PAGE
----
add_rows('Sepal.Width', stat_medianIQR) 
#> # A tibble: 3 x 4
#>      Variables        setosa    versicolor     virginica
#>          <chr>         <chr>         <chr>         <chr>
#> 1 Sepal.Length     5.0 (0.4)     5.9 (0.5)     6.6 (0.6)
#> 2 Petal.Length     1.5 (0.2)     4.3 (0.5)     5.6 (0.6)
#> 3  Sepal.Width 3.4 (3.2-3.7) 2.8 (2.5-3.0) 3.0 (2.8-3.2)

See how this can make creating these tables very easy. Let’s remove the . from the row names and fix up the table header names:

tab <- outline_table(iris, 'Species') %>% 
    add_rows(c('Sepal.Length', 'Petal.Length'), stat_meanSD) %>%
    add_rows('Sepal.Width', stat_medianIQR)  %>% 
    renaming('header', c('Measures', 'Setosa', 'Versicolor', 'Virginica')) %>% 
    renaming('rows', function(x) gsub('\\.', ' ', x))
tab
#> # A tibble: 3 x 4
#>       Measures        Setosa    Versicolor     Virginica
#>          <chr>         <chr>         <chr>         <chr>
#> 1 Sepal Length     5.0 (0.4)     5.9 (0.5)     6.6 (0.6)
#> 2 Petal Length     1.5 (0.2)     4.3 (0.5)     5.6 (0.6)
#> 3  Sepal Width 3.4 (3.2-3.7) 2.8 (2.5-3.0) 3.0 (2.8-3.2)

And finally build the table into a Markdown format for easy insertion into R Markdown documents:

build_table(tab)
Measures Setosa Versicolor Virginica
Sepal Length 5.0 (0.4) 5.9 (0.5) 6.6 (0.6)
Petal Length 1.5 (0.2) 4.3 (0.5) 5.6 (0.6)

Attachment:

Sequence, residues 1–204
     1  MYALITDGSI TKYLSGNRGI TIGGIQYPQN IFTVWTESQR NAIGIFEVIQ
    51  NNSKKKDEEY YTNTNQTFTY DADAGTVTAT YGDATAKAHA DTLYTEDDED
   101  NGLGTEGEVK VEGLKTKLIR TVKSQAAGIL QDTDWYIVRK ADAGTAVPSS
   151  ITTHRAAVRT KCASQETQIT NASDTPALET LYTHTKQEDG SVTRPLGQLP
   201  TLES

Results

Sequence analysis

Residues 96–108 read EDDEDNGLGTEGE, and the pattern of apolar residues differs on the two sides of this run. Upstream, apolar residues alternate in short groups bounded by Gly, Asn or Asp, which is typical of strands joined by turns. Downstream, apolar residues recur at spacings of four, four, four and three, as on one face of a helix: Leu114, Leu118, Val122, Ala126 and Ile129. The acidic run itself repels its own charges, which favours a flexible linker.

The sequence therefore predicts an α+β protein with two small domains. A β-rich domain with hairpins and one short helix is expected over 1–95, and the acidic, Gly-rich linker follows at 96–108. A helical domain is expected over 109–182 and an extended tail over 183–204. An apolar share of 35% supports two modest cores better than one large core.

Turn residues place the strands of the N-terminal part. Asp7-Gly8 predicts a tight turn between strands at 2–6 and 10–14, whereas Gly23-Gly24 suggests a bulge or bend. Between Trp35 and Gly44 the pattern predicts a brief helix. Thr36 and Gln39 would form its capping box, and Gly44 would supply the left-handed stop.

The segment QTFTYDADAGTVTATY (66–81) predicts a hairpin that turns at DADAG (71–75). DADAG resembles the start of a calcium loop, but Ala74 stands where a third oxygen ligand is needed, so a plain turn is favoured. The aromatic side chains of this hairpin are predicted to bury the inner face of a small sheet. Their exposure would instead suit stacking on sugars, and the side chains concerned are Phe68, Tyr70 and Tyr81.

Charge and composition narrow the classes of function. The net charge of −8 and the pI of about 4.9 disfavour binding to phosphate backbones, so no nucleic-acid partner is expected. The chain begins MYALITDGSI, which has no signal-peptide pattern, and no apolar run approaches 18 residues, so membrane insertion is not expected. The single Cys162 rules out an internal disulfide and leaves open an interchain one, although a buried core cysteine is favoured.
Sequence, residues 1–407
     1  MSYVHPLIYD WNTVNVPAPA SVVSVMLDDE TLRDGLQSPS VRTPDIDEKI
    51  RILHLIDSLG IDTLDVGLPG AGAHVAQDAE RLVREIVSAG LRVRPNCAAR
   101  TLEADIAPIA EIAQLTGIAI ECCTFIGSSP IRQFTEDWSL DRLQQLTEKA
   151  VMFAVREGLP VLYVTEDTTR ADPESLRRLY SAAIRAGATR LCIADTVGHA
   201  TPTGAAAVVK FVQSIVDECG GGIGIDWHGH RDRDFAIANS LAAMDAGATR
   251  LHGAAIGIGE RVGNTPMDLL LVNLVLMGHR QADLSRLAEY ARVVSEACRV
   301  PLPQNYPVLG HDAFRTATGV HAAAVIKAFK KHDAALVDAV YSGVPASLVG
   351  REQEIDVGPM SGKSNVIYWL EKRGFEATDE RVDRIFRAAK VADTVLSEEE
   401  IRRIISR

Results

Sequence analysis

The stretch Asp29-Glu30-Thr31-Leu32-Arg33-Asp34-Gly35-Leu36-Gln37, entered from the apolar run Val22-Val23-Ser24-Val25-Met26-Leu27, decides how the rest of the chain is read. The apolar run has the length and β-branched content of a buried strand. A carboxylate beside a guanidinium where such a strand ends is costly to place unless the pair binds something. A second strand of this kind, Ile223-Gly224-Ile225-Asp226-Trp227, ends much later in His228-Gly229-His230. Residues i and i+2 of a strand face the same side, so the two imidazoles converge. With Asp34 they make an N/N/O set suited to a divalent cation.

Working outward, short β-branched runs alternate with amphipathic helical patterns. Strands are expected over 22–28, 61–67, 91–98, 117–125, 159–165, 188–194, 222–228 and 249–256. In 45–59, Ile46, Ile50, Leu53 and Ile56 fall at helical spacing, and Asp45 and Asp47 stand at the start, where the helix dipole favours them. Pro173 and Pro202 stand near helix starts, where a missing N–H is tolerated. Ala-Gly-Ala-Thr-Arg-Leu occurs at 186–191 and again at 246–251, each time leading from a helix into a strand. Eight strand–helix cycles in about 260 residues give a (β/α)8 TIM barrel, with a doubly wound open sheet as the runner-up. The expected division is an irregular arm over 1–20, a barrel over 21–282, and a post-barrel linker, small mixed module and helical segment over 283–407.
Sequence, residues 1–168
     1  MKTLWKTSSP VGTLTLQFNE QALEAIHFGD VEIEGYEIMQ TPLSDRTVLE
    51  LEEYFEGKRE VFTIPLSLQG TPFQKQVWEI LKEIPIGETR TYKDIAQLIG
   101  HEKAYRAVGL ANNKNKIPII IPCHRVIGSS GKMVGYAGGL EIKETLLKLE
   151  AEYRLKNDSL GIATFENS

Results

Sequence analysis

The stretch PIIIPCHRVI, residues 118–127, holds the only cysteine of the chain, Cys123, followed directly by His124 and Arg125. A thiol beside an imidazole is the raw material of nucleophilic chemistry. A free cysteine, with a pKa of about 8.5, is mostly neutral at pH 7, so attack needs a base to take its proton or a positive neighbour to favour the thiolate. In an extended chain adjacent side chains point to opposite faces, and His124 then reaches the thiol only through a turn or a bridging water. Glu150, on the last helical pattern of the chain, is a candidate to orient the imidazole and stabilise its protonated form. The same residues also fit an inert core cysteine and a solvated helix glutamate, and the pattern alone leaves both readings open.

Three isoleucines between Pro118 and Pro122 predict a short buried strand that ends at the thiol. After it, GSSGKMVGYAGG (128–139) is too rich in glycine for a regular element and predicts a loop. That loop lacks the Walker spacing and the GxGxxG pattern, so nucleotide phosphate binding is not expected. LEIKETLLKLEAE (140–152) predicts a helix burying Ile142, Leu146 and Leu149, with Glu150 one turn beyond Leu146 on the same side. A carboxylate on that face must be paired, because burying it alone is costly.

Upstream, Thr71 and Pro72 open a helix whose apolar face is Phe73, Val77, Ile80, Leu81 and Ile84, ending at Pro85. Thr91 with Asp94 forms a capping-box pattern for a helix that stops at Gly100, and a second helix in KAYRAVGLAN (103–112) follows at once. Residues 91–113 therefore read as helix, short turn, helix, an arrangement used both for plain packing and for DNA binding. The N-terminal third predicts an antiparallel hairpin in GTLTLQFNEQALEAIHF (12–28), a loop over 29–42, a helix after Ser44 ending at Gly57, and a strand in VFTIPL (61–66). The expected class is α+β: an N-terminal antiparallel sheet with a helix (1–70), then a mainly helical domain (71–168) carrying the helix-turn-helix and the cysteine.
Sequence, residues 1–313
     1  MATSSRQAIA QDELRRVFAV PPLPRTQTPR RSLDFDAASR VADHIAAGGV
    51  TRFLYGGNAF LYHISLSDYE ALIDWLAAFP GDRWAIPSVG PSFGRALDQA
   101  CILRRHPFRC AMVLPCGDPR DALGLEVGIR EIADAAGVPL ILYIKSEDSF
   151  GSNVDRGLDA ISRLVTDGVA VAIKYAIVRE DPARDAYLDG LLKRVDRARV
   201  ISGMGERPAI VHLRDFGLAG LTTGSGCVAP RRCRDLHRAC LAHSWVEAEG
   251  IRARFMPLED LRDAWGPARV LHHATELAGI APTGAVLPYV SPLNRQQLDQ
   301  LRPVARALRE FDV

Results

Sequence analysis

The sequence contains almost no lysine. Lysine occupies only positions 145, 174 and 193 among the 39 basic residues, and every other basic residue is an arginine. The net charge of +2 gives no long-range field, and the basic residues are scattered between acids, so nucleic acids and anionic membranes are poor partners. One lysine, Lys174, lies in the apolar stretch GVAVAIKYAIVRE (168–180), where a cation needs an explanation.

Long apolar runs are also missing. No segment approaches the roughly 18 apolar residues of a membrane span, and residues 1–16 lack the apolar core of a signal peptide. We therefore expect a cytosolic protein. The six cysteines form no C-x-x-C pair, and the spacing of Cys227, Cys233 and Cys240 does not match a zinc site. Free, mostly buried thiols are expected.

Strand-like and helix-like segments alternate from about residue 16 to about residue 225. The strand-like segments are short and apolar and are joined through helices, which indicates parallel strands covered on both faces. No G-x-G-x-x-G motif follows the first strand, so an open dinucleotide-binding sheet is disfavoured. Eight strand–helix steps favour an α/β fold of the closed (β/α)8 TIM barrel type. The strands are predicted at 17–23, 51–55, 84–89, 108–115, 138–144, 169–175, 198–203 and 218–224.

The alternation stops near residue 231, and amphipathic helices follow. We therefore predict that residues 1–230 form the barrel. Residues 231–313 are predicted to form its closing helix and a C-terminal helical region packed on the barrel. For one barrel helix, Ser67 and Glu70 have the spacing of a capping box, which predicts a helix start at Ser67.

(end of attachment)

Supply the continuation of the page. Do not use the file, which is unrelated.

Sepal Width 3.4 (3.2-3.7) 2.8 (2.5-3.0) 3.0 (2.8-3.2)

If you have factor/discrete data, you can even use include these variables:

library(dplyr, quietly = TRUE)
#> 
#> Attaching package: 'dplyr'
#> The following objects are masked from 'package:stats':
#> 
#>     filter, lag
#> The following objects are masked from 'package:base':
#> 
#>     intersect, setdiff, setequal, union
mtcars %>% 
    mutate(
        gear = as.factor(gear),
        vs = as.factor(vs)
    ) %>% 
    outline_table('vs') %>% 
    add_rows('mpg', stat_meanSD) %>%
    add_rows('drat', stat_medianIQR) %>% 
    add_rows('gear', stat_nPct) %>% 
    renaming('header', c('Measures', 'V-engine', 'Straight engine')) %>% 
    renaming('rows', function(x) x %>% 
                 gsub('drat', 'Read axle ratio', .) %>% 
                 gsub('mpg', 'Miles/gallon', .) %>% 
                 gsub('gear', 'Number of gears', .)) %>% 
    build_table()
Measures V-engine Straight engine
Miles/gallon 16.6 (3.9) 24.6 (5.4)
Read axle ratio 3.2 (3.1-3.7) 3.9 (3.7-4.1)
Number of gears
- 3 12 (66.7%) 3 (21.4%)
- 4 2 (11.1%) 10 (71.4%)
- 5 4 (22.2%) 1 (7.1%)

Pretty easy eh?

Sometimes, though, you don’t need to compare multiple columns, but instead need to only show one column. Easy, just don’t include a header in the outline_table()!

iris %>% 
    outline_table() %>% 
    add_rows('Sepal.Length', stat_meanSD) %>%
    add_rows('Sepal.Width', stat_medianIQR) %>% 
    renaming('header', c('Measures', 'Values')) %>% 
    build_table() 
Measures Values
Sepal.Length 5.8 (0.8)
Sepal.Width 3.0 (2.8-3.3)

If you don’t use R Markdown, you can continue the chain into write.csv(). Use the finish = FALSE argument to build_table() to prevent the Markdown table from being created.!

iris %>% 
    outline_table() %>% 
    add_rows('Sepal.Length', stat_meanSD) %>%
    add_rows('Sepal.Width', stat_medianIQR) %>% 
    renaming('header', c('Measures', 'Values')) %>% 
    build_table(finish = FALSE) %>% 
    write.csv('table1.csv', row.names = FALSE)

Resources: